If you’re in it for large bar counters, an extensive snack menu and mega fanshops the NRW League is not the place to be. Two small beer stands of “Gaff Kölsch” are the only places to get drinks. Because I just got back from a pub crawl I choose the über-German Sinalco Cola. Only one variety of– otherwise excellent-“Stadionwurst” is offered for sale at the only sausage stall. We will queue here before the match started as well as during half time. Fan articles are conjured from a cardboard box and some backpacks. They are displayed on a bench behind the grandstand. Long live Simplicity! The only thing on the Bundesliga level are the sanitary installations. It seems as if each of the present 720 fans can choose their own personal toilet.
A small notion of excitement fills me when I see a supporter in an old Fortuna-shirt with the name “Antwerpen”! I knew that Marco Antwerpen as a player had played at Preußen Münster but I was not aware of his two stints at Fortuna Köln. I try to photograph the fan without him noticing but it seems as if his subconscious wanted to protect him from a place on our website. I finally just give up.
We find a place on one of the shiny red new seats on the 10 rows high grandstand. To the left of us is the Fortuna-kop. These boys prove with their fiery encouragements, flags and chants that football can also be a feast at a lower level. Rarely have we seen such loud and positive supporters. It feels like there’s more than 7,000 instead of 700 of them! When they yell “Aufmachen! Aufmachen! ” we can’t help but frown. We thought that every reference to the war was taboo?! We also see some very remarkable figures on the stand tonight. Maybe Fortuna is indeed a “Kultverein”?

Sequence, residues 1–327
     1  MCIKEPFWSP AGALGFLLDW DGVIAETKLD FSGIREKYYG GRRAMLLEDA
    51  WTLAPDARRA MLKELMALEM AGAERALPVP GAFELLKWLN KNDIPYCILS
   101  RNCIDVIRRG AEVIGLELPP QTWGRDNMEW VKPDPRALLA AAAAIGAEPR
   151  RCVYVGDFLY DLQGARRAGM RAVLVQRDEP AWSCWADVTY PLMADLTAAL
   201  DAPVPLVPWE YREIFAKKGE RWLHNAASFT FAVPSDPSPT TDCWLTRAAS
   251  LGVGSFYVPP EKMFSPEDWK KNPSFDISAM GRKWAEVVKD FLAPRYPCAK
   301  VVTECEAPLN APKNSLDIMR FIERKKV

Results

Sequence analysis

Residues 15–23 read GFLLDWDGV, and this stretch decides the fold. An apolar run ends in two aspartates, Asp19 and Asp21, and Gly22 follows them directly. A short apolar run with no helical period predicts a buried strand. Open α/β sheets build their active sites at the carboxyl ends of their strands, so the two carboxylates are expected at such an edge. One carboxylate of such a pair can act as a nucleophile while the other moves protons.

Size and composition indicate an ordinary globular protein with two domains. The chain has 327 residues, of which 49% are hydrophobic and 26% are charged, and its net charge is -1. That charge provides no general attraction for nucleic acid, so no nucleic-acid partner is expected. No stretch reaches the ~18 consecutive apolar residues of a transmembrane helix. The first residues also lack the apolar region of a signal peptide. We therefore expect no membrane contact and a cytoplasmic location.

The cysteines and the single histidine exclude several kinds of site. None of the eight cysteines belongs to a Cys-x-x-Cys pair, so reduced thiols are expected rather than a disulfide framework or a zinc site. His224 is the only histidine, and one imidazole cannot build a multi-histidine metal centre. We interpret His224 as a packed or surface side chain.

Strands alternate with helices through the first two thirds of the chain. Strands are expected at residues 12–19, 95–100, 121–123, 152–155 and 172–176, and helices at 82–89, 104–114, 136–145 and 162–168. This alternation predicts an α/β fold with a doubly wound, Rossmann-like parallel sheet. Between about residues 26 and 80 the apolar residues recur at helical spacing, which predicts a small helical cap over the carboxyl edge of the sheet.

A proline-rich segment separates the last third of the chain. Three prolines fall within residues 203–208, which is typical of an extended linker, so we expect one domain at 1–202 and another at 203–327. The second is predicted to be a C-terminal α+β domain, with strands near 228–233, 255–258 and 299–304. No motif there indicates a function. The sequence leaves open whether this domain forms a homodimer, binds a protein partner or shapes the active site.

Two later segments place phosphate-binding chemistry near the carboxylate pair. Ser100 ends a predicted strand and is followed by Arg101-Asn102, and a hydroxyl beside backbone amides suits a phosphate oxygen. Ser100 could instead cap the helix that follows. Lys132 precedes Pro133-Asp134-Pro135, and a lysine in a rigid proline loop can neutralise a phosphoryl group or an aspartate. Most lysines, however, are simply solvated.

The match starts rather slowly with both clubs not taking any risks. Fortuna, who as a newly-promoted side have settled in well, start as the favourite. The home club has not lost this season, but finds it also difficult to win games, hence the rather modest classification. Gütersloh only has three teams behind them in the rankings and it promises to be a season full of relegation concerns.